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Volume Boot Record

(also partition boot sector)

Volume boot record definition

A volume boot record (VBR) is an important part of a storage device (e.g., a hard drive). It stores the code for kickstarting the operating system. VBRs can be found in various computer storage devices, such as hard disks, SSDs, and even USB flash drives — and are used every time the computer starts up. 

See also: BadUSB

How does the volume boot record work? 

  1. 1.A VBR works behind the scenes to kickstart your operating system, with the whole process typically only taking several seconds. 
  2. 2.When you turn on your computer, it checks for a device to start from, like a hard drive or SSD.
  3. 3.It finds the volume boot record (VBR) on the chosen device.
  4. 4.The computer runs the code in the VBR to kick off the process of loading the operating system.
  5. 5.The VBR helps the bootloader find all the files it needs.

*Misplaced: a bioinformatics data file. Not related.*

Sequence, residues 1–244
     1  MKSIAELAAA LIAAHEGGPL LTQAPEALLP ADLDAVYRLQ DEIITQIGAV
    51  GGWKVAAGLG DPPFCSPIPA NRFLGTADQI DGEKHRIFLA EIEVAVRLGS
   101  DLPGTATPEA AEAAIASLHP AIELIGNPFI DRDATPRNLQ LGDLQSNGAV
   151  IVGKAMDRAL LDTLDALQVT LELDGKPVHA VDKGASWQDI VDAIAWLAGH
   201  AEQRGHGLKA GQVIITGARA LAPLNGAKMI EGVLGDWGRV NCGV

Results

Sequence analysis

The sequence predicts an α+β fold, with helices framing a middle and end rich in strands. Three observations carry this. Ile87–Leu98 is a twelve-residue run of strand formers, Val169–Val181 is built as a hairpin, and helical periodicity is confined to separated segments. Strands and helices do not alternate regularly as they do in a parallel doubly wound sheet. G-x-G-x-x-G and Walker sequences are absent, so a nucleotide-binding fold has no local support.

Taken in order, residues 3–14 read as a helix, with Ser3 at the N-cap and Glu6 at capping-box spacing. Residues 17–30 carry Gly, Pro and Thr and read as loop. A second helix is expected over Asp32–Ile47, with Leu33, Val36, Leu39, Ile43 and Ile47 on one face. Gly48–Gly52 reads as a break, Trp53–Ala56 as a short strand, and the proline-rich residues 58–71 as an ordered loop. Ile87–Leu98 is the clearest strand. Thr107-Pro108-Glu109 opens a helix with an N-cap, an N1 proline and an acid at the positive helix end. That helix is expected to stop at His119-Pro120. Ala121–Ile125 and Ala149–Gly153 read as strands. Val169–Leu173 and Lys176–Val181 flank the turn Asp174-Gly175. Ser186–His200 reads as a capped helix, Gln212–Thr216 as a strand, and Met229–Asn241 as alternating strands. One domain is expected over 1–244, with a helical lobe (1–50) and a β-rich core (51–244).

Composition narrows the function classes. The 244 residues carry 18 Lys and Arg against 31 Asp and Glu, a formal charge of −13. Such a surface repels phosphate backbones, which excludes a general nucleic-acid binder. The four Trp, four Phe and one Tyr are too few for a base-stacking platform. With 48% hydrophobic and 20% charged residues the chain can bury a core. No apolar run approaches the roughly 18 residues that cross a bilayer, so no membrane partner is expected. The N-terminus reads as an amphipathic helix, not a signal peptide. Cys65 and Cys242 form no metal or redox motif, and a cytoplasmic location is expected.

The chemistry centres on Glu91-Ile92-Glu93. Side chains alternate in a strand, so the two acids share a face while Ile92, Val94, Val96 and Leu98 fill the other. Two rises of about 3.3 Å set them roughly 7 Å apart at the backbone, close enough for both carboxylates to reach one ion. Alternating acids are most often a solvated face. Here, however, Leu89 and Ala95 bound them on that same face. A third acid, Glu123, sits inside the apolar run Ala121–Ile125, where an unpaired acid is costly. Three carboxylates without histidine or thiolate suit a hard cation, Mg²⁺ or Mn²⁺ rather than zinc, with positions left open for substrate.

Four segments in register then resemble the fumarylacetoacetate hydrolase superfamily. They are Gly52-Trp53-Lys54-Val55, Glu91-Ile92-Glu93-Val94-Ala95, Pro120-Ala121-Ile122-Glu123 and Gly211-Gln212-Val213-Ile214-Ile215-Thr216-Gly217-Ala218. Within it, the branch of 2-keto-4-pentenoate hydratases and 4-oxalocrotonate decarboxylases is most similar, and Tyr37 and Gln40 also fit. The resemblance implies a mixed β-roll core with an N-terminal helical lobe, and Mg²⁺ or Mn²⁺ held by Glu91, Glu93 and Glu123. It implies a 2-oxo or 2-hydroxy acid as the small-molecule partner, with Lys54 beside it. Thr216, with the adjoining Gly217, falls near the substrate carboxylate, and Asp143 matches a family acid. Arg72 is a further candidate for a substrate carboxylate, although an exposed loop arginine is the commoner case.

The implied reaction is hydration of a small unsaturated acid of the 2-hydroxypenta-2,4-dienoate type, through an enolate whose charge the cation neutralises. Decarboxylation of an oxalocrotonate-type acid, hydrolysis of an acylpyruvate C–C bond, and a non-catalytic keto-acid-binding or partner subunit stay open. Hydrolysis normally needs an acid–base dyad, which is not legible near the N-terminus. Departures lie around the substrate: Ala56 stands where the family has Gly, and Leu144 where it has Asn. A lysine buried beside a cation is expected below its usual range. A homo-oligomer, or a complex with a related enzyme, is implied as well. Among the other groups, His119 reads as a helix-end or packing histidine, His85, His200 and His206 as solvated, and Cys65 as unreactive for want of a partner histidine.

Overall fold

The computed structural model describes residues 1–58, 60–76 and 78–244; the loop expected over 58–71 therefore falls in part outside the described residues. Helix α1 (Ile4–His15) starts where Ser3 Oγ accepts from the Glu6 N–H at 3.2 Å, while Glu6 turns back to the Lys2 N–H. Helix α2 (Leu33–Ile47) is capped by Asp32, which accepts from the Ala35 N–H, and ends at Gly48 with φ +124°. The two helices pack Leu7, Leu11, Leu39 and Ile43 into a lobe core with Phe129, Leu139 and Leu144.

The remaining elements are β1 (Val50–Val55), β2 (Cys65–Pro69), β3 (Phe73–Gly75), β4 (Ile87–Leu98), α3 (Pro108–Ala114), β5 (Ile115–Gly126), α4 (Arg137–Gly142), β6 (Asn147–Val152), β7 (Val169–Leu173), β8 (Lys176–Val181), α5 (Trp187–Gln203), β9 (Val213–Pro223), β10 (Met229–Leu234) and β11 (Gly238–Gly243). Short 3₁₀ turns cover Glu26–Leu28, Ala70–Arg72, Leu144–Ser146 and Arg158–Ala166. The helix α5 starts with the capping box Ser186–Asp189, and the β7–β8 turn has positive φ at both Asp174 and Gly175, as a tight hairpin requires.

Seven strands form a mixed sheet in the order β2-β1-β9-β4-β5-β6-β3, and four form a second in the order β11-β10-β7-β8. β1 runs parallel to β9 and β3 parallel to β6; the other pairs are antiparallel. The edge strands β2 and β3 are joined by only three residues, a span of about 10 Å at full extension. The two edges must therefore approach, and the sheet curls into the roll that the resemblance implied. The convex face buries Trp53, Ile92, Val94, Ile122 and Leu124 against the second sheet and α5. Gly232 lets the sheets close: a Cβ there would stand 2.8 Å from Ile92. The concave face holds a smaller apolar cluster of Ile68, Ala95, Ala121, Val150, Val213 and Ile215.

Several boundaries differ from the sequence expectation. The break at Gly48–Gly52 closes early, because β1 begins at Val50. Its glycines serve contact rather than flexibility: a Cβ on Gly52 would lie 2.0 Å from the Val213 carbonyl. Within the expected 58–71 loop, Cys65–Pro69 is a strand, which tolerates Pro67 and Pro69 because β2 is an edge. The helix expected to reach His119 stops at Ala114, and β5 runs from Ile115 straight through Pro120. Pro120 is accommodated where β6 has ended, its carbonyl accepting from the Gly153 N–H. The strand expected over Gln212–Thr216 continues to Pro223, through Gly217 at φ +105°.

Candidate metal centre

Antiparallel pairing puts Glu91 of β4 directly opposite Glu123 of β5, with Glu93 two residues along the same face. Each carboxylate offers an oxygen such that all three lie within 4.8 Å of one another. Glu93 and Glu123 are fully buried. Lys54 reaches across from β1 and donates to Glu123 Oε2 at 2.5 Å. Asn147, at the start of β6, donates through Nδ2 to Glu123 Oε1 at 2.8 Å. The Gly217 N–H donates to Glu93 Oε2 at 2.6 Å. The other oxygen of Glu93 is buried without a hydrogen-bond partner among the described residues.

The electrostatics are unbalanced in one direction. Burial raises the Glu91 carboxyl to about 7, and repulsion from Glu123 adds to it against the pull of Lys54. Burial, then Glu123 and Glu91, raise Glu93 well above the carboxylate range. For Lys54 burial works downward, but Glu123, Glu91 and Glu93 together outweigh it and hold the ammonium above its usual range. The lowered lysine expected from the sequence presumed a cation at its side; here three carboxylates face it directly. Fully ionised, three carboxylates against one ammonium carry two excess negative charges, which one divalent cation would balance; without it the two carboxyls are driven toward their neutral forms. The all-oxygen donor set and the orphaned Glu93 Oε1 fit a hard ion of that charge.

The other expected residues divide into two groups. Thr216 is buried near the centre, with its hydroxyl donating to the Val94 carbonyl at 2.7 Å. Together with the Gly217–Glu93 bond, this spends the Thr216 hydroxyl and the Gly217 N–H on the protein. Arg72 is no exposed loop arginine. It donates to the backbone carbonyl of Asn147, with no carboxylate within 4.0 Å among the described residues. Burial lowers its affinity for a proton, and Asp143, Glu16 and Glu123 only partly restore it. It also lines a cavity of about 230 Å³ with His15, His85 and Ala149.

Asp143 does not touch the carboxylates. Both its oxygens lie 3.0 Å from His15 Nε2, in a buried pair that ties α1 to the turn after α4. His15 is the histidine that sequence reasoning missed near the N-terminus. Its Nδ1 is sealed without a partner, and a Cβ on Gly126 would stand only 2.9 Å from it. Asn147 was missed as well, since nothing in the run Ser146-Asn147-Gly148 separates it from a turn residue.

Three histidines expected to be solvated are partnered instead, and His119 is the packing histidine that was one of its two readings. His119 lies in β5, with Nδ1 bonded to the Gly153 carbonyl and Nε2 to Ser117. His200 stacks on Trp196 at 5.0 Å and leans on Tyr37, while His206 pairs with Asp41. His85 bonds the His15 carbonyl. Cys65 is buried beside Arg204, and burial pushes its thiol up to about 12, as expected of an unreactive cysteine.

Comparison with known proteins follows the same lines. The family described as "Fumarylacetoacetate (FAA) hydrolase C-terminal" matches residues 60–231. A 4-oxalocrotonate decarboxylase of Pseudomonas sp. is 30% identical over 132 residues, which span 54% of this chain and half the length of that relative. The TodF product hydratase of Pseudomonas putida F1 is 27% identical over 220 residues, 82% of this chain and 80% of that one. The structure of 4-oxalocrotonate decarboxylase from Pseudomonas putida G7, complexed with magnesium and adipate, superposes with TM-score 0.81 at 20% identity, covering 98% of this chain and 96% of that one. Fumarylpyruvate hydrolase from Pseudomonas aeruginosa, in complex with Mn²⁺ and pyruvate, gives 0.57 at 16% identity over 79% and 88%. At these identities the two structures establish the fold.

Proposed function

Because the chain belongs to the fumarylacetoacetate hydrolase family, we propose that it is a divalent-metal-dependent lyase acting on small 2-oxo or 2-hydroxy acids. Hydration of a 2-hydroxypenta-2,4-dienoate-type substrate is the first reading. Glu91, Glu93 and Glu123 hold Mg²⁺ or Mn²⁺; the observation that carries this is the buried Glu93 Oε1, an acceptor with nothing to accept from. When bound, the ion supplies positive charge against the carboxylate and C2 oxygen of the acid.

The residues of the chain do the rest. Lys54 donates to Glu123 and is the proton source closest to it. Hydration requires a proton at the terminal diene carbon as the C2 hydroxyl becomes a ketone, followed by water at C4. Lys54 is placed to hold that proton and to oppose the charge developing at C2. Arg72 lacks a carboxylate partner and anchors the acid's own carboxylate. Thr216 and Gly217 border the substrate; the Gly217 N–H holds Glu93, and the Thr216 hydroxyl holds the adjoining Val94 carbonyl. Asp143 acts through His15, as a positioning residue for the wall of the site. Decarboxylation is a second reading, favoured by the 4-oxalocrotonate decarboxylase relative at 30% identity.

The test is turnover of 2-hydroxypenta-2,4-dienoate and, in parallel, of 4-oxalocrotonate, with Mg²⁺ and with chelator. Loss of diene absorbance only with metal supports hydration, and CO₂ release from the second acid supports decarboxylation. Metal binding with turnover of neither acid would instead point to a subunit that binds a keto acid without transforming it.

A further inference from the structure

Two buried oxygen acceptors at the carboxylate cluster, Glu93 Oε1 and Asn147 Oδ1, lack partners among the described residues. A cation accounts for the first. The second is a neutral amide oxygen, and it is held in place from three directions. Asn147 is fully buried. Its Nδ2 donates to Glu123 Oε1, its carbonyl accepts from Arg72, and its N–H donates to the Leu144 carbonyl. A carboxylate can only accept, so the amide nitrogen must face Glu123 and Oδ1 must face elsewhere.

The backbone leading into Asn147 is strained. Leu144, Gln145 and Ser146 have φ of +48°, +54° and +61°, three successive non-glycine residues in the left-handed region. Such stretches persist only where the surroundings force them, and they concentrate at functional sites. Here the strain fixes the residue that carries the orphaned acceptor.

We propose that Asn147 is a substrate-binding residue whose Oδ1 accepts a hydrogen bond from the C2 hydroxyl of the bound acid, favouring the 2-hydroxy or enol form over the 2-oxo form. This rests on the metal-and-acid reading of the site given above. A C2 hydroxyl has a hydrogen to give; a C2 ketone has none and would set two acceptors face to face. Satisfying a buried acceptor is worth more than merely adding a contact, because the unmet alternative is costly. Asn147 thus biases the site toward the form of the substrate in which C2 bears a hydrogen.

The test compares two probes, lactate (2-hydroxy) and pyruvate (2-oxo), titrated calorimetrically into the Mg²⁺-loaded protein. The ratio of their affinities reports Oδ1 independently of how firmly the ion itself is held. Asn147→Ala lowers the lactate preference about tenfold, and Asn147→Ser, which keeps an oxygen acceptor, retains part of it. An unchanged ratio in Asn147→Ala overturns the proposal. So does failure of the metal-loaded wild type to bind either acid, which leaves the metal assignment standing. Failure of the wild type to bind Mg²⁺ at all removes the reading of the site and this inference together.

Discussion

6. 6.The bootloader then loads the operating system, and your computer is good to go!

VBR and cybersecurity concerns 

A VBR can become a target in cyberattacks. Here’s how: 

  • Attackers may create specific malware that infects the VBR and loads malicious code during the boot process. 
  • Cyberattacks may corrupt the VBR, preventing the system from booting properly.
  • Hackers may modify the VBR to gain control over the boot process — and may even install rootkits or other malware.
  • If the attackers manage to compromise the VBR, they may use it to bypass security mechanisms and load malicious operating systems or tools.
  • Attackers may manipulate the VBR to redirect the boot process to steal information or launch further attacks on the system.